Mar 29, 2008

My Christianity is MINE!

Tuesday night brought forth another wonderful evening in liberal academia. Where I attend school not only espouses a ridiculous amount of liberalism and emergent theology, but it espouses a facade of Christianity and even claims Christ as the center of learning. The irony here is not that we should be shocked that a Christian School has essentially gone soft, it's that even in a place that elevates the name of our Lord as the center of it's mission, He is not welcome in class discussion.

Why isn't He welcome? Well simply put, we can speak of Jesus and Christianity in all the manners that reference Him as a means to man's end. Or when it involves the loose fitting description of what most would claim as being Christian. Well, they're Christian because they aren't Muslim, Hindu, or Jewish. That would summarize the simplistic view of Christ that many in the class have seemed to hold. There is a desire of everyone within the classroom to satisfy a form of tolerance for those who don't believe in Jesus, are offended by His name, and quite simply don't agree with any kind of Christian contributions to discussion.

At one point the conversation in class came to an example of praying in public in Jesus' name. The individual was advised after he had done so by those whom he was praying for, that everything he said was right on and they agreed with the prayer. However, they did not agree with him praying in the name of our Lord, because they did not believe in Jesus Christ. They then advised him that this was not proper or tolerant of other people's beliefs. It may just be me, but this seems to reflect intolerance toward the praying man's beliefs no?

Now the highlight of the evening. An encounter with the Professor. Interestingly enough, a paralegal with a Master's in Social Work should have some form of psychological training in her academic career. That said, I found it odd that she was unaware of the theories I addressed with her in class. The response to her statement "all people are basically good, and become bad, because of their environments." I'll spare you the intricate details of all that followed, but here are some of the most interesting points.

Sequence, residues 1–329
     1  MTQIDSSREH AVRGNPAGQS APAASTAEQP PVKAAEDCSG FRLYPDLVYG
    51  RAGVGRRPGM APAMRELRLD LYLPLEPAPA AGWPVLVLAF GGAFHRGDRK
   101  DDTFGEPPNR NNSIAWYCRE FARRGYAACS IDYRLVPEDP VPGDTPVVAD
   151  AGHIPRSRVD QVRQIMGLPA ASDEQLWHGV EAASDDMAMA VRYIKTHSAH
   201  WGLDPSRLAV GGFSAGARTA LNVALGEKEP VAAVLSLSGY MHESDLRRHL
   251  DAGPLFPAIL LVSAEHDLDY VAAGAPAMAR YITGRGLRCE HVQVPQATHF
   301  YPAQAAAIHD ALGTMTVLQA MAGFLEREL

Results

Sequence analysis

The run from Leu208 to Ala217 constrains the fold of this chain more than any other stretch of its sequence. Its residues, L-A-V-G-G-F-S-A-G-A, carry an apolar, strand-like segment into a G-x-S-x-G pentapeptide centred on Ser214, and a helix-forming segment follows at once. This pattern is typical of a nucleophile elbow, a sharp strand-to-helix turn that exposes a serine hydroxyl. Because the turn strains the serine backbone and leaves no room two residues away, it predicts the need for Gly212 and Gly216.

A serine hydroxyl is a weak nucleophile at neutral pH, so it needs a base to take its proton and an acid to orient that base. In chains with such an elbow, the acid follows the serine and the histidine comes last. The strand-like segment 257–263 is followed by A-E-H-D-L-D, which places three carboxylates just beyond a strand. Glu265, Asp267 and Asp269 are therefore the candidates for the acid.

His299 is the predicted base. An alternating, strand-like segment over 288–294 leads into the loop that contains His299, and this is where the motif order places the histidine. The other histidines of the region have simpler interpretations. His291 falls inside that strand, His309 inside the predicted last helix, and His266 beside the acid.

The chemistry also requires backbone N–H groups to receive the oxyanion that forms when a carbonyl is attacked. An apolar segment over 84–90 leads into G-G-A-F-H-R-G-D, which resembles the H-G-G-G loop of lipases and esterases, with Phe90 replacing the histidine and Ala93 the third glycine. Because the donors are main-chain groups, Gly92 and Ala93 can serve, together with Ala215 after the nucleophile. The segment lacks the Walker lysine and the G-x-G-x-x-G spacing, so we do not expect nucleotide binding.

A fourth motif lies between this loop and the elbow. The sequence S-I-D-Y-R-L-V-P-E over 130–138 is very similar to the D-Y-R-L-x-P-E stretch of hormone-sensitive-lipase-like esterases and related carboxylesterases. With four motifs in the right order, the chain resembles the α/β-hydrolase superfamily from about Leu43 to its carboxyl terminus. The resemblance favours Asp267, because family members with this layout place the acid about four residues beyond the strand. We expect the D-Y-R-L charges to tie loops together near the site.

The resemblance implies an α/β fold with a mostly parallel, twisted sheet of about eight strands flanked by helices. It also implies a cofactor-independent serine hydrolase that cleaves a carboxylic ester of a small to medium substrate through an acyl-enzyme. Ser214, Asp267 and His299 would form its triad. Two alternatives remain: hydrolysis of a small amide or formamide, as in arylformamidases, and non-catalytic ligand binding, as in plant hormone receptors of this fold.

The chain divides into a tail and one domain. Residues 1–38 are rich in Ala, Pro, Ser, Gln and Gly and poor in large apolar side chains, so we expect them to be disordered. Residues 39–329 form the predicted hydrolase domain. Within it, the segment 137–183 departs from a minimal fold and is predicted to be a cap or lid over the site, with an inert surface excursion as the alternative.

• Tabula rasa (Latin: blank state) refers to the epistemological thesis that individual human beings are born with no innate or built-in mental content, in a word, "blank", and that their entire resource of knowledge is built up gradually from their experiences and sensory perceptions of the outside world.

I challenged the teacher's statement based on my presupposition of original sin (Rom 5:12). When asked what theory she was advocating, she had no idea what Tabula rasa was. I was astounded, and knew at that point, I was going to be engaging her opinion, not her training. The conversation ensued and the class eventually became very riled up. As soon as the exchange began, the gasping, gnashing of teeth, and contempt filled the room. I was beginning to feel alone and outgunned. However, I continued to discuss this theory with the teacher. Her relative approach is that the environment of individuals influences their progression/declination in life. Their behavior is based on their environmental experience (ecosystems theory). This is not something I outrightly reject. I do add one thing to this theory though. The way an individual responds, reacts, and progresses in their environment is directly effected by their relationship to God through Christ and the Cross. No Christ, no good. At this point the boos and jeers were flying. Now the class had delved full on into postmodern relativism at its best.